In the Sept-Jours version, the Ourang Medan was found in November 1939, by an American destroyer, not by the Silver Star — which makes sense, as the Silver Star Park had not yet been launched. This version had a whole backstory with the Ourang Medan as a penal transport vessel with an enslaved crew. And the lone survivor in the lifeboat landed in Fiji, not the Marshall Islands. But otherwise, the basics of the story are the same.
The other post-digitization discovery came in 2015 from Estelle Hargraves, an amateur British historian and bookworm (which is high praise). Simply by searching pre-war UK newspapers, she found articles in at least two papers from November 1940, the earliest printed references to the story yet found. These are the Associated Press syndicated reports we mentioned earlier. This earliest version of the story is essentially the same but with the following changes: it happened southeast of the Solomon Islands; the rescuing ship was not named at all, only given as a British merchant ship; the text of the SOS message was completely different; and originally there was no lone survivor making it ashore in a lifeboat at all; instead, all that was known of the story was reported by an unnamed officer of the unnamed British merchant vessel.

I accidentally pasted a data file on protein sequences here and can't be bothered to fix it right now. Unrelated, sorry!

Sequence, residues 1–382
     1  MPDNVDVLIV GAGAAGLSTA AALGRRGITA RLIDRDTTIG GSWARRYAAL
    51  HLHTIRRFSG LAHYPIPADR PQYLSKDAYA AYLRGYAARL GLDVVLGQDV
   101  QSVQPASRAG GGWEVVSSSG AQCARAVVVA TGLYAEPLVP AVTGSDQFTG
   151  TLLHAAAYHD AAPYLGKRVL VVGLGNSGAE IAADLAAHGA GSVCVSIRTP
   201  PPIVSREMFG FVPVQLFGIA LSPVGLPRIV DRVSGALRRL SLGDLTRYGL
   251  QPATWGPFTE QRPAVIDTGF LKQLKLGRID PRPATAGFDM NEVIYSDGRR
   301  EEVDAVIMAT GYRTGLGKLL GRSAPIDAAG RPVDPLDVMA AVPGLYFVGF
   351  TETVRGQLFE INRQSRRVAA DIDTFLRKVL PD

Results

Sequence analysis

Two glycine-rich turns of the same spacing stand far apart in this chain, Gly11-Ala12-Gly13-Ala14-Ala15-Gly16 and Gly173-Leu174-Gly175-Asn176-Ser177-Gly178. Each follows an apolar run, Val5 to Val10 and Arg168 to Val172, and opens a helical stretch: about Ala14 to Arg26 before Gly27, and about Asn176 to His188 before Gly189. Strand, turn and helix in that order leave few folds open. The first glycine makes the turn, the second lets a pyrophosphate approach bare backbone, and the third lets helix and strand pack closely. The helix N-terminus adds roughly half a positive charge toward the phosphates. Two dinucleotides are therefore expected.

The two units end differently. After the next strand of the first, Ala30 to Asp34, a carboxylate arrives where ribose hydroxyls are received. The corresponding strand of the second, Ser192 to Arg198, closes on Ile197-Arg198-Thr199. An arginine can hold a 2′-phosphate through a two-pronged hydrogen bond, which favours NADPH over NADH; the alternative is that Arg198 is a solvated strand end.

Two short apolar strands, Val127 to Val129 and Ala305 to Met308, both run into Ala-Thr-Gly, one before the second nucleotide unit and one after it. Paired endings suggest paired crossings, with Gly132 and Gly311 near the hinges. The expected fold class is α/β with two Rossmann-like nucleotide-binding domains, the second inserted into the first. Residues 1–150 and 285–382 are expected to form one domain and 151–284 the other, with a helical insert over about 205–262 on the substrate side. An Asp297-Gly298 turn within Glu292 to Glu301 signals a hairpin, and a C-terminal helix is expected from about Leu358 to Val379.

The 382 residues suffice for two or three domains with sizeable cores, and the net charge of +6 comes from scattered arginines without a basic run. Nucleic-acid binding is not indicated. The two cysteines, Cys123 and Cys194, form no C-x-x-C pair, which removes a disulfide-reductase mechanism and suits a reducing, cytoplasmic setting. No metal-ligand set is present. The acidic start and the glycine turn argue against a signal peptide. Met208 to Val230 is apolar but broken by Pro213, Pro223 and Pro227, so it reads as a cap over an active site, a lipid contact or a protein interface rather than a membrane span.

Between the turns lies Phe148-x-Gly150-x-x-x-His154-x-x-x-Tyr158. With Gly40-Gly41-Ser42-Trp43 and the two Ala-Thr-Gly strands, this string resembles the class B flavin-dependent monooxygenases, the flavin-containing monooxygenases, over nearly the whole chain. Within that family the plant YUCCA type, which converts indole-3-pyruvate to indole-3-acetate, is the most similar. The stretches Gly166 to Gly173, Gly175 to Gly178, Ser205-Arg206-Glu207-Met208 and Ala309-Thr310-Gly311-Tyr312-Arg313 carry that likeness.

And now we come to the moment of truth. The dateline in those 1940 Associated Press articles gave the city of the story's origin as — wait for it — Trieste, Italy. The hometown of Silvio Scherli — the same Silvio Scherli who, eight years later, would tell an updated version of the story to Indonesia's De Locomotief. Hargraves also found that our friend Scherli published an article about the Ourang Medan himself in 1959, almost twenty years later, for the Trieste Export Trade magazine. Apparently Scherli was quite enthusiastic about the Ourang Medan tale — almost paternal, some might say.